Diane Crump: Horse-Crazy Girl Who Revolutionized Thoroughbred Racing

Historic horse race in 1969 that changed the rules.
Riding Bridle ‘N Bit in the 7th race at Hialeah Park on February 7, 1969, Diane Crump (center) smashed through the barriers that kept women from participating in the sport of thoroughbred racing.

Until the 1960s, gender discrimination was a proud fact of life in the male-only world of thoroughbred horse racing in the United States. Females could not be licensed as jockeys. But a gutsy, 5-foot tall, 104 pound slip of a woman named Diane Crump changed all that at Florida’s Hialeah Park in 1969.

As a kid, Crump loved animals. Growing up in the Florida’s Gulf Coast Pinellas County as the eldest of four children, her family often found injured ducks, seagulls and, once, even a pelican Crump had rescued, recuperating in their basement.

Racing silks and gender controversy
The very idea of a woman wearing racing silks was anathema to most of the die-hard male horse racing community.

But more than anything, Crump grew up horse-crazy. Her dream was born with a carnival pony ride in her native Connecticut. For her seventh birthday, her parents gave her riding lessons at a nearby stable. When family moved to Florida in her middle-school years, Crump continued to ride, eventually getting a job at a local farm where, she soon discovered, half the horses on the farm were racehorses.

Exercise rider
From there she found her way to Tampa Bay Downs where she worked as an exercise rider, caring for foals and helping break yearlings for the farm’s owner.

Under Florida law, Crump got her license to gallop horses at 16. Against her parents’ wishes, she enrolled in night school and earned her high school diploma early so she could go to Miami, where the horses she had worked with on the farm were slated to race.

But Diane Crump discovered thoroughbred racing at a time when women were barred from holding jockeys’ licenses. If anything, that made her want to be a jockey even more. As she later recalled, “I guess that’s what happens when you’re told you can’t, right?”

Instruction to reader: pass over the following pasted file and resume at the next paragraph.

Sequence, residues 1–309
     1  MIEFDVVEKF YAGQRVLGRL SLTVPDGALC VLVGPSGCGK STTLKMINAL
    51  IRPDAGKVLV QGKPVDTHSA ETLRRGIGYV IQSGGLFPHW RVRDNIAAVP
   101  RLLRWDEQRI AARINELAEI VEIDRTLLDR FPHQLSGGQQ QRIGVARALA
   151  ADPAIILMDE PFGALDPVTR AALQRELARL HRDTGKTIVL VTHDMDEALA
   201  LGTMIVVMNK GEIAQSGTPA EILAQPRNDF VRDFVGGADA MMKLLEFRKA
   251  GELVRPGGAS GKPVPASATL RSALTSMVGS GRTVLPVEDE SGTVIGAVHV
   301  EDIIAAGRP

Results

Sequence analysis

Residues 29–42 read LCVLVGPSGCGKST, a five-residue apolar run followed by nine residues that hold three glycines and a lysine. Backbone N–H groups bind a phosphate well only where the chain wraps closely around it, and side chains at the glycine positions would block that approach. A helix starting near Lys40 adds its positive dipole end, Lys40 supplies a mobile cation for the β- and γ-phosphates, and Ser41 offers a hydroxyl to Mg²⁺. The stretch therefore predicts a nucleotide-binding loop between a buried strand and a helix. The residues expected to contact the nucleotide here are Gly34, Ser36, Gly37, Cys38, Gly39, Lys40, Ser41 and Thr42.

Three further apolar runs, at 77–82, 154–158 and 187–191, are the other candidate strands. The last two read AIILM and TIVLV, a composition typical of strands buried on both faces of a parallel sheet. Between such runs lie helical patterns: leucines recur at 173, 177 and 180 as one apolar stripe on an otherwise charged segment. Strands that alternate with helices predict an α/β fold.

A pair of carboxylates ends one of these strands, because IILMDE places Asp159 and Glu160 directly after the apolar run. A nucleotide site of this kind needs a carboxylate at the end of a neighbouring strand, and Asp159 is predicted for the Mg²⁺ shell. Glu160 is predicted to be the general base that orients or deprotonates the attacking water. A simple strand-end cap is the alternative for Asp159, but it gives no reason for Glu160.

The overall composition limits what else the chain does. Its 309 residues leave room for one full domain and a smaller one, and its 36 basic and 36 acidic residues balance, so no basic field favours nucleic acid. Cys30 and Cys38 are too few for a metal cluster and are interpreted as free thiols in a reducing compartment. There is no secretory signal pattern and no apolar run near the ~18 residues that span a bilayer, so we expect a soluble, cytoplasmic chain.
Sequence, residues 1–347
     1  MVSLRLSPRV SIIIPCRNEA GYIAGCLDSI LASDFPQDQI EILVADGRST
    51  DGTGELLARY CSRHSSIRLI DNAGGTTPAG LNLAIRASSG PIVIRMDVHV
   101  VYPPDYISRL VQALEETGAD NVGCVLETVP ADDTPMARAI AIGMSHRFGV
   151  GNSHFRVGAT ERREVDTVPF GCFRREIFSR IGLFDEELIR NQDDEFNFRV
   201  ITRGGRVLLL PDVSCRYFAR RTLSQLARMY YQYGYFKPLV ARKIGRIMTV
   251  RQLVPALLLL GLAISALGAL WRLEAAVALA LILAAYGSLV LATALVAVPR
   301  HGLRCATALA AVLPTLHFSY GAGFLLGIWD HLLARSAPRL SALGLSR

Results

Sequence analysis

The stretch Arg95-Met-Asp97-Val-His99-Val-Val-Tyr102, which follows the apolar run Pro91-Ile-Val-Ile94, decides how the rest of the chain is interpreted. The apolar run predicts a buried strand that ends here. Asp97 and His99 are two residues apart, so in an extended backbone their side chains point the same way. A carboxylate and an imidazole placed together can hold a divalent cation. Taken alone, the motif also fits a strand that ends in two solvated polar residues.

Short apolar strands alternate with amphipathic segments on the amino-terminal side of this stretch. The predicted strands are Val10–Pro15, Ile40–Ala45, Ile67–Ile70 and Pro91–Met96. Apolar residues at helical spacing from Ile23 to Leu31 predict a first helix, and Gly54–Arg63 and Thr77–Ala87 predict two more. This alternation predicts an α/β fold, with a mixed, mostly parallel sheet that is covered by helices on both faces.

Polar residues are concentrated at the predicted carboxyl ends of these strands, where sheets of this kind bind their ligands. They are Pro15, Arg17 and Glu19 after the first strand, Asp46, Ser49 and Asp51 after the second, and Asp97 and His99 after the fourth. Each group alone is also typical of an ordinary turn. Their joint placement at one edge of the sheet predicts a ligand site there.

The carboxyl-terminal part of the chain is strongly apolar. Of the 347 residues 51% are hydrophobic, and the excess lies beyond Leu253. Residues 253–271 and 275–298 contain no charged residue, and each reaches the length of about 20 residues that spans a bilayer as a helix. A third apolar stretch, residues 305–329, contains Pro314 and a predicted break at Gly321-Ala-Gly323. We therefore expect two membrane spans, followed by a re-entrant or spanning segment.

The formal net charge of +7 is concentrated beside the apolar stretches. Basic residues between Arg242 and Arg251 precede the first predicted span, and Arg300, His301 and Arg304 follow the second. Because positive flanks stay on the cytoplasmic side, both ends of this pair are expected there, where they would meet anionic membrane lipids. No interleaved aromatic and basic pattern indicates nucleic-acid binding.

Disgruntled male crowd greets first female thoroughbred jockey
Walking toward her historic ride in 1969, the diminutive Crump was protected by police from a largely disgruntled crowd of male racing fans.

Women Need Not Apply
The first woman to apply for — and be denied — a jockey’s license was U.S. Olympian Equestrian Team rider Kathy Kusner in 1967. Women’s applications were routinely rejected by racing’s bureaucracy on the grounds they were unqualified due to “physical limitations” and “emotional instability.” Kusner sued. And after a year-long court fight, a judge citing the 1964 Civil Rights Act ruled the Maryland Racing Commission had to certify her. But in a cruel twist of fate, she was sidelined after being thrown from a horse who then rolled over her in a jumping competition at Madison Square Garden, suffering a fractured leg that required nine months of rehabilitation.

The next year, with Penny Ann Early slotted to ride at Churchill Downs, male jockeys boycotted by backing out of the races. And early in 1969, when Barbara Jo Rubin was to ride, jockeys in Florida threatened a boycott and hurled rocks at the trailer used for her dressing room; she was replaced by a male jockey so the race could go on. Finally, the Florida Racing Commission, tired of all the male drama over a woman riding, convened the end of January and voted to stiffen penalties against any jockey who refused to ride.

Mud-spattered jockey who broke thorough horse racing's gender barrier
A mud-spattered Crump smiles in triumph after her first race that opened the door for other women to become jockeys

Making History on Bridle n’ Bit
The door for Diane Crump to make history in 1969 as the first woman to compete with men in a pari-mutuel race had opened … and she walked right through. At age 21, she was a 50-to-1 shot riding a three-year-old colt named Bridle n’ Bit. The horse was owned by the trainer’s wife, who insisted Crump ride. According to the trainer, his wife told him in no uncertain terms, “Put the girl on or I’ll get another trainer.”

Crump fought her way through popping flashbulbs and jeering crowds to a small office — the only space available for a female to change. No matter. She donned her silks in the Horsemen’s Benevolent and Protective Association office and entered the paddock to cheers, boos and catcalls. “Why don’t you stay home and do the cooking?” one man called.